Ancient Egyptian Ghost Story

The best-known ghost story from ancient Egypt is known, simply, as A Ghost Story but sometimes referenced as Khonsemhab and the Ghost. The story dates from the late New Kingdom of Egypt (c. 1570 – c.1069 BCE) and specifically the Ramesside Period (1186-1077 BCE).

An excerpt from W.K. Simpson’s The Literature of Ancient Egypt: An Anthology of Stories, Instructions, Stelae, Autobiographies, and Poetry:

Then the High Priest of Amun Khonsemhab said to him: “Please tell me your name, your father’s name, and your mother’s name that I may offer to them and do for them all that has to be done for those in their position.” The august spirit then said to him: “Nebusemekh is my name, Ankhmen is my father’s name, and Tamshas is my mother’s name.”

Then the High Priest of Amun-Re, King of the Gods, Khonsemhab said to him; “Tell me what you want that I may have it done for you. And I shall have a sepulcher prepared anew for you and have a coffin of gold and zizyphus-wood made for you, and you shall [rest therein] and I shall have done for you all that is done for one who is in your position.”

The august spirit then said to him: “No one can be overheated who is exposed to wintry wind, hungry without food… It is not my desire to overflow like the inundation, not…not seeing my tomb… I would not reach it. There have been made to me promises…”

Now after [he] had finished speaking, the High Priest of Amun-Re, King of the Gods, Khonsemhab, sat down and wept beside him with a face full of tears. And he addressed the spirit, saying, “How badly you fare without eating or drinking, without growing old or becoming young. Without seeing sunlight or inhaling northerly breezes. Darkness is in your sight every day. You do not get up early to leave.”

Learn more about the origins of this ghost story and read the story’s full transcript at A Ghost Story of Ancient Egypt.

Famous Witch: Baba Yaga

Baba Yaga is one of the most famous characters in Slavic mythology. The old crooked-nosed hag is as evil as she looks. She is both a force of nature and a cruel old woman who eats people who dwell into the deep forest. Her name comes from the Slavic word for grandmother “Baba.” The meaning of the word “Yaga” is not certain but some think it means “wicked.”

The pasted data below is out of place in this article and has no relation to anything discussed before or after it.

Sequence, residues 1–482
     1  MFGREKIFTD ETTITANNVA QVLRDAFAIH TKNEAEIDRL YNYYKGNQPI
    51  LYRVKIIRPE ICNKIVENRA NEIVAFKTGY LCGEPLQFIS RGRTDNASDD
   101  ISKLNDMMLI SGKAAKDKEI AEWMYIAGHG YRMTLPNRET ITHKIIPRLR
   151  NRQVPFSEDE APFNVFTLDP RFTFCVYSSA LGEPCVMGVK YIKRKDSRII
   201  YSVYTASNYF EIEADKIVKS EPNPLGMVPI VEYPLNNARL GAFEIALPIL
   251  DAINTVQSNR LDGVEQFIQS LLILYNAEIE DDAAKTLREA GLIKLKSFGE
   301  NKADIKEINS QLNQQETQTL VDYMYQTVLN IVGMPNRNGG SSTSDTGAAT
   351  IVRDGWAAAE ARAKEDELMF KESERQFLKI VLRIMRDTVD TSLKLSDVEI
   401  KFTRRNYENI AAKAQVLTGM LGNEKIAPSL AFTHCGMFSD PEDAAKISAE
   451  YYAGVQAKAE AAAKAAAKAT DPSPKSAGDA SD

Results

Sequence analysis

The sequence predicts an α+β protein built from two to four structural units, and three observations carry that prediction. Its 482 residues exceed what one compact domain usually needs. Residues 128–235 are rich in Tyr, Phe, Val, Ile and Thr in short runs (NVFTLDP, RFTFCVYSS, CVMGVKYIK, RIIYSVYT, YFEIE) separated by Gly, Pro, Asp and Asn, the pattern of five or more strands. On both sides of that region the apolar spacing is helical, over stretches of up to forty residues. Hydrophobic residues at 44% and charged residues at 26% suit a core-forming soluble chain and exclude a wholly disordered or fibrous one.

Baba Yaga

In some myths, Baba Yaga gives tasks to her victims and, depending on the successful completion of their mission, they are either eaten or rewarded. She is not only an evil villain but, in many cases, she could even help them, like in the Russian story of “Vasilisa the Beautiful,” where Baba Yaga gives Vasilisa tasks to accomplish in trade for help.

Vasilisa outside of Baba Yaga’s hut.

Read more about Baba Yaga at Baba Yaga – The Mythical Forest Witch from Slavic Folk Tales.

Horror Lit: Witchy Women

A library in Dublin, Ireland, recommends the following three books about women who “are different, the outsider who does not conform, the outcast who does not comply, and are therefore a danger.” Visit Witchy women on BorrowBox for descriptions of each title.

Burial Rites by Hannah Kent
The Mercies by Kiran Millwood Hargrave
The Familiars by Stacey Halls

She’s dead as earth

King Lear Weeping over the Dead Body of Cordelia ,1786-8, James Barry (1741-1806)
Tate Gallery UK

KING LEAR:
Howl, howl, howl, howl! O, you are men of stones:
Had I your tongues and eyes, I’d use them so
That heaven’s vault should crack. She’s gone for ever!
I know when one is dead, and when one lives;
She’s dead as earth.

King Lear, Act V, scene iii
Shakespeare

Horror Lit: Psycho

When I came across a copy of Robert Bloch’s Psycho at a Books-A-Million, I picked it up without hesitation. I had wanted to read it since I discovered in April 2018 that the movie was based on a book (see Horror Cinema: Psycho).

Reading it, I was surprised by its gore and violence, especially for a book written in the 1950s. I was expecting it to be more of a slow burn like its movie adaptation. Instead, right from the start, there was gore. Early on, Norman Bates was described as reading books about human sacrifices where drums were made out of human skin. The classic murder scene in the motel shower was more intense than I would have ever imagined.

As a horror writer myself, I aspire to write stories that combine a psychological thrill with true-crime violence, and Psycho turned out to be just that. It was written in a clear and concise style with engaging characters.

After reading the book, I re-watched Hitchcock’s movie version. While much tamer than the book—to be expected for the time it was made in—it was an impressive film adaptation. The biggest difference between the book and film was how Norman Bates looked. In the book, he is described as overweight with thinning hair and rimless glasses, nothing like the tall, slim brunette cast in the movie.

I highly recommend this book to any horror fan.

Book
Bloch, Robert. Psycho, The Overlook Press, Peter Mayer Publishers, Inc., 1959.

Film
Hitchcock, Alfred. Psycho, Paramount Pictures, 1960.

Death Lit: Smoke Gets in Your Eyes

I am a big fan of the YouTube channel Ask a Mortician by Cailtin Doughty. I especially love the videos on historical corpses. In all of her videos, Doughty not only provides tons of interesting information but shares it in a clear and direct style with a touch of humor. I could say the same about her writing. I was excited to pick up a copy of her first book, Smoke Gets in Your Eyes, and I enjoyed it thoroughly. At no point was the book morbid despite being about dying, death rites, the funeral industry and corpses. I found it informing and a pleasure to read.

I highly recommend it, particularly because I think it would be accessible to a wide range of reading skills. The style was straight-forward and easy to read, and the content never failed to keep me informed and entertained.